Gold prices remain near $2,000 as bank fears lead to a bumper quarter

Gold prices were unchanged on Friday, maintaining their proximity to the important $2,000 mark following wild swings this week, but safe-haven demand in the face of a potential banking crisis has left the yellow metal on track for a significant increase this quarter. Prior to staging a rebound on Thursday, when higher-than-expected U.S. jobless claims indicated that the labor market was continuing to cool, gold prices had been teetering around the $2,000 mark for much of this week. This could lead to a decline in inflation.

The Federal Reserve will have less economic leeway to raise interest rates as a result, which is good news for non-yielding assets like gold. Gold futures increased 0.1% to $1,998.95 an ounce, while spot gold increased 0.1% to $1,981.59 an ounce. In the first quarter of 2023, both securities were forecast to increase by around 9%. Through the month of March, gold prices soared as investors flocked to safe-haven assets like the yellow metal in response to fears of a banking crisis.

Although it currently appears that government intervention prevented a worsening of the lending crisis, the failure of numerous U.S. banks prompted investors to start pricing in a less hawkish Fed on the assumption that the central bank would strive to prevent further strain on the economy. In terms of industrial metals, copper prices decreased on Friday as conflicting economic data from China, the world’s top copper importer, suggested a patchy recovery.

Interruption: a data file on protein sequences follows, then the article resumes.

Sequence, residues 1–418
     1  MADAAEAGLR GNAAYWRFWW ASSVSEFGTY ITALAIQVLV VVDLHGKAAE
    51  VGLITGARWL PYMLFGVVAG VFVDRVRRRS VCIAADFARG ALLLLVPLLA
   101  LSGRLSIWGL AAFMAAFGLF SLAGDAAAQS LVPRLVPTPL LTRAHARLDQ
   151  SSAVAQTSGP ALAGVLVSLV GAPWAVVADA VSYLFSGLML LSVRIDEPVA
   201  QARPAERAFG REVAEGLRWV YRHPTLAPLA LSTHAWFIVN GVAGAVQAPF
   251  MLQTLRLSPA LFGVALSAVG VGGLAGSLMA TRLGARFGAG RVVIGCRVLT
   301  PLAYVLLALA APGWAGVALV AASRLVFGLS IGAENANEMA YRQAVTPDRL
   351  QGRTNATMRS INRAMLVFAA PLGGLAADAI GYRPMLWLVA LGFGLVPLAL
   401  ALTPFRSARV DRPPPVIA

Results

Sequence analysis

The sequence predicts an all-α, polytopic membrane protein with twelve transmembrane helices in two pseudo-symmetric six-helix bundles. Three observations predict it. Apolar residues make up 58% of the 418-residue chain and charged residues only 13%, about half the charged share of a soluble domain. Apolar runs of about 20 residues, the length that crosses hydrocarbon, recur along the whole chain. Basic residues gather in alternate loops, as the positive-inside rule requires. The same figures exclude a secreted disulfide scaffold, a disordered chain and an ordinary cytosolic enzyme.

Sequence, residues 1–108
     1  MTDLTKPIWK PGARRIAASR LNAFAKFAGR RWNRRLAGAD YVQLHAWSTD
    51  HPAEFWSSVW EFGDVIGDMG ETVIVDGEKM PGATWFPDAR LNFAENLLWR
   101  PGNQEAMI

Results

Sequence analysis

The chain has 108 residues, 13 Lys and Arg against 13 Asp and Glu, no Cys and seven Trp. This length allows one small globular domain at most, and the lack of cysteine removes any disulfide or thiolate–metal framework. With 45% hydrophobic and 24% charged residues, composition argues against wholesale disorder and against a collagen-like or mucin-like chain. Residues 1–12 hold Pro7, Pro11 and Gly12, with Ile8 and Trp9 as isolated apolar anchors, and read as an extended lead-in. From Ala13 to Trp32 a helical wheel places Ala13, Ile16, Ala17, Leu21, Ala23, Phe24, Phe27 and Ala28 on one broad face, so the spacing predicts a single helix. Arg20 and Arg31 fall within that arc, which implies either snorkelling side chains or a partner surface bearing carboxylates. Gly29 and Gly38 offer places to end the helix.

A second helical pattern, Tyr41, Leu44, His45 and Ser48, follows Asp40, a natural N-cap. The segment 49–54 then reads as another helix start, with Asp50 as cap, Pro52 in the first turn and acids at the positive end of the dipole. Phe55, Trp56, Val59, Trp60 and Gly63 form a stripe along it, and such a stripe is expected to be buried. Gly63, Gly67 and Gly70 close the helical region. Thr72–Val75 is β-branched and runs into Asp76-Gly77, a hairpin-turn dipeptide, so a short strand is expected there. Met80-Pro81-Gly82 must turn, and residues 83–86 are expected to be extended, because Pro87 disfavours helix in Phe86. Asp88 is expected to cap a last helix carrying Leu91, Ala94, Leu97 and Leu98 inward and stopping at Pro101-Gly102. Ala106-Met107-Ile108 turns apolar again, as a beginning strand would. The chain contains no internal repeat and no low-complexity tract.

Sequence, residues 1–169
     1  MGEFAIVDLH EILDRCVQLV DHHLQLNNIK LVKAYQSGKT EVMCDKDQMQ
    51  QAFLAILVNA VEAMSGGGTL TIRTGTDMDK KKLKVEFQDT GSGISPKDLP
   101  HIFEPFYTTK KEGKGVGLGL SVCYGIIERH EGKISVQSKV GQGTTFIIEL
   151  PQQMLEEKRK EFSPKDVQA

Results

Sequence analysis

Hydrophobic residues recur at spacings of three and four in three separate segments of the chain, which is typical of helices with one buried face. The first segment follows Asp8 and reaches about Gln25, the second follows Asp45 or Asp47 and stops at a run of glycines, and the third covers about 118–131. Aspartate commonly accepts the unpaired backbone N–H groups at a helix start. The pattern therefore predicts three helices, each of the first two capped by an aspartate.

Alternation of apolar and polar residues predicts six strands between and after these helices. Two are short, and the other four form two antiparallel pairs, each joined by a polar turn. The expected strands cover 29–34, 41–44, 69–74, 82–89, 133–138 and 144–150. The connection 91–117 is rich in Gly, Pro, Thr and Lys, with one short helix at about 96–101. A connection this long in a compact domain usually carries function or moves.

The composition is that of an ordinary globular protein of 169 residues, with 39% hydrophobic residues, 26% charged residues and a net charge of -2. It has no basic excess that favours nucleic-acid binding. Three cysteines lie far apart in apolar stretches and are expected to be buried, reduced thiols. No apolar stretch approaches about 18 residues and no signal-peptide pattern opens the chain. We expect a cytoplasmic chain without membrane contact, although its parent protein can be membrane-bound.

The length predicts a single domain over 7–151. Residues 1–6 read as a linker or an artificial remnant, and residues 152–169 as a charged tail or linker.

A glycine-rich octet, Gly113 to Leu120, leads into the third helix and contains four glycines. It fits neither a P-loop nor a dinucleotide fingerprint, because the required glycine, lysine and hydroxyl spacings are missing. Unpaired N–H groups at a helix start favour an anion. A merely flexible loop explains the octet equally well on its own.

As service sector activity increased more than anticipated to a 15-year high, weakening manufacturing sector growth indicated a decline in commodity demand. The price of copper dropped 0.2% to $4.1048 a pound, but it was still expected to rise by over 7% in the first three months. The demand for copper is nevertheless anticipated to be supported this year by a Chinese economic resurgence. The data from Friday also show that a rebound is gathering momentum, albeit at a varying rate.

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